EU Reform Treaty clears hurdles in Denmark, Austria, Germany

25th April 2008, Comments 0 comments

Merkel: It would provide a solid basis for Europe to move forward.

The parliaments of Denmark and Austria on Thursday formally ratified the European Union's Treaty of Lisbon, raising to 11 the overall number of member states that have already formalized the text.

On the same day, lawmakers in the country that was at the forefront of efforts to agree on what is also known as the EU's Reform Treaty, Germany, also gave their preliminary backing.

The lower house of the German parliament, the Bundestag, approved the treaty with 515 votes in favor, 58 against and one abstention, assuring a considerably higher show of support than the required two-thirds majority.

A second and final vote is now expected to take place in Germany's upper house of parliament next month.

Speaking ahead of the vote, Chancellor Angela Merkel described the treaty as "good for Europe" and a "win for Germany."

It would provide a solid basis for Europe to move forward, said the chancellor, who was one of the main moving forces behind negotiations towards agreeing the treaty.

Through the treaty Europe would grow stronger and more self-confident than before, Merkel said.

She highlighted the introduction of more majority votes as a positive factor.

In Denmark, parliament ratified the reform treaty with a clear majority, 90 to 25, while 64 members of parliament, including Prime Minister Anders Fogh Rasmussen, were absent from the 179-seat parliament during the vote. There were no abstentions.

The government had earlier concluded that the Lisbon Treaty did not require a specific referendum as some parties had called for.

The populist Danish People's Party, that otherwise has provided backing for Rasmussen's minority government in recent years, voted against the ratification.

Earlier Thursday, Austria's upper house of parliament had ratified the treaty with the support of the ruling Social Democrats, the conservative People's Party and the opposition Greens.

The two right-wing opposition parties, the FPOe and the BZOe, voted against it, mirroring the vote in the Austrian lower house.

The treaty must now be signed by President Heinz Fischer for it to be ratified, but this is a mere formality under the Austrian system of government.

The vote was welcomed by European Commission President Jose Manuel Barroso.

"I would like to welcome the positive conclusion of the parliamentary process on the Treaty of Lisbon by the Austrian Parliament today," Barroso said in a statement.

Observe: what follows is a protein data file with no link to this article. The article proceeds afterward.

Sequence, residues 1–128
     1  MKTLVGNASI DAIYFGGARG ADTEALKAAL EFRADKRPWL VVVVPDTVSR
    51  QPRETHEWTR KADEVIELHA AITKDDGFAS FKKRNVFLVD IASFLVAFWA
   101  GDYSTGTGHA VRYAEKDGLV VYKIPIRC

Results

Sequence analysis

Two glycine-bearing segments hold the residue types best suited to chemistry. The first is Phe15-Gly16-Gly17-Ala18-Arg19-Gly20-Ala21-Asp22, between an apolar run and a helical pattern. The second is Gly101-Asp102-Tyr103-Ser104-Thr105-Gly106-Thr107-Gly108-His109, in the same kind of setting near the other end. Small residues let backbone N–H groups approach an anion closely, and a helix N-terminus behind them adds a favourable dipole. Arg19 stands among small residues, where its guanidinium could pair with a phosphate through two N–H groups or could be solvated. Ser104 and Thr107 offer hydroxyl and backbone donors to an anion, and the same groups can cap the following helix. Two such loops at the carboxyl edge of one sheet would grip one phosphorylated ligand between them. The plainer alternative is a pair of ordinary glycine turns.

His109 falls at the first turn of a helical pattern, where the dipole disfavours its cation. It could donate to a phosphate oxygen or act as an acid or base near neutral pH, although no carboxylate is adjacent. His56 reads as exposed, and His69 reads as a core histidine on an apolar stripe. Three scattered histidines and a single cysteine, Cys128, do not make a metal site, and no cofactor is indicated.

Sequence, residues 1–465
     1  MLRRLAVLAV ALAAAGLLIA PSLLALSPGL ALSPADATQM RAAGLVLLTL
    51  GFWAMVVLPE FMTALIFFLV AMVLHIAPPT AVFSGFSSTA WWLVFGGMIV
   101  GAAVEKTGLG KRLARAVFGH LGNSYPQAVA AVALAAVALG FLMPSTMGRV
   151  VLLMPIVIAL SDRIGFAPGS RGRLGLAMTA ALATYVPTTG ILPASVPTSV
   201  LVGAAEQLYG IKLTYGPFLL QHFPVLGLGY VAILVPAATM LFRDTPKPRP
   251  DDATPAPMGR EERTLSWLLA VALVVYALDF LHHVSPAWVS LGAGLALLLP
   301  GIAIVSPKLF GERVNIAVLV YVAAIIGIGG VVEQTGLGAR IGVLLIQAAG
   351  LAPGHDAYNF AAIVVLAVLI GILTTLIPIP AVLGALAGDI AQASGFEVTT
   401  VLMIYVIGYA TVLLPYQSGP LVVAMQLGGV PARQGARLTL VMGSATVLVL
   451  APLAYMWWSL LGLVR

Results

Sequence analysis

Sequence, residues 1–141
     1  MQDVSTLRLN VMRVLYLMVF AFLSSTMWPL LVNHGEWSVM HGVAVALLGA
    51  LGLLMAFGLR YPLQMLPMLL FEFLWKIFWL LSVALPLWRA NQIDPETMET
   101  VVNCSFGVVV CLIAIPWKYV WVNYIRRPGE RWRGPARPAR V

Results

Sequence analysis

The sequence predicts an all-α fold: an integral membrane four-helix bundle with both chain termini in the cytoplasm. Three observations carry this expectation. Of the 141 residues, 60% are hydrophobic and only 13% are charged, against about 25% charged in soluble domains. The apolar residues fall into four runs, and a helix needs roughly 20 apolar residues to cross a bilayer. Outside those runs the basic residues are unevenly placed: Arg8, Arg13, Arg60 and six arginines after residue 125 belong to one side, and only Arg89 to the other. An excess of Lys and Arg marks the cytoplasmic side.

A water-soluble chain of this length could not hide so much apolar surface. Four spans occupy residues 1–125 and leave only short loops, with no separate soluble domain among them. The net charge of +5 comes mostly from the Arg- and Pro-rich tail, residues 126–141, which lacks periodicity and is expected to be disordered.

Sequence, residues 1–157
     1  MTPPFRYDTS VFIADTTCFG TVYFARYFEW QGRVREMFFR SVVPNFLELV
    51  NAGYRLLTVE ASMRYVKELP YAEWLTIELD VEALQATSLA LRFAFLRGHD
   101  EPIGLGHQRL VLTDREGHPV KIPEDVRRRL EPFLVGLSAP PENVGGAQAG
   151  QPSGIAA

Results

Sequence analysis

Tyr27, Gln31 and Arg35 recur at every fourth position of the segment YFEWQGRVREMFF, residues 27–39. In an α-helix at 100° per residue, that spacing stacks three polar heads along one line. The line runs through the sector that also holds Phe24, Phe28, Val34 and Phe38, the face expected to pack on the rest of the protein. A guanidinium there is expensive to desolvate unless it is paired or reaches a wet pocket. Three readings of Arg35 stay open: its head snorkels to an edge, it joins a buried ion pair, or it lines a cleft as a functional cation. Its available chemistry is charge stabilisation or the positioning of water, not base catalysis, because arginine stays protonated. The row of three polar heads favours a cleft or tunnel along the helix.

"The treaty provides for a more effective, democratic and accountable union that is also stronger externally. I would like to thank the Austrian Government for its active contribution during the negotiations and pay tribute to the Austrian Parliament for the swift approval of the Treaty," he added.

The news was not all positive for the ratification process as a euro-sceptic Czech parliament asked the nation's Constitutional Court to review the treaty.

The Senate voted 48-22 to have the high court rule whether the Lisbon Treaty is constitutional, a move that is expected to drag out the ratification process in the Czech Republic.

The proposal was initiated by Prime Minister Mirek Topolanek's rightwing Civic Democrats.

Czech President Vaclav Klaus, who founded the party, is a treaty critic, but has pledged not to block its ratification.

The treaty, which is designed to improve decision-making in the expanded EU, must be ratified by all 27 member states before it can come into force.

Ireland is the only EU country that plans to hold a referendum on the treaty, which EU officials hope will come into force on January 1, 2009. The Irish vote is scheduled for June 12.

No votes in referendums in France and the Netherlands in mid-2005 ended attempts to ratify a more ambitious European Constitution, leading to the drawing up of the Treaty of Lisbon.

EU leaders -- including the Czech Republic's Topolanek -- signed the treaty in December in the Portuguese capital.

The treaty has now passed parliaments in 11 EU countries: Denmark, Austria, Portugal, Slovakia, Poland, Bulgaria, Hungary, Slovenia, Malta, Romania and France.

"The ratification process is now well advanced and I look forward to its successful conclusion," Barroso said in messages sent to Austria and Denmark.


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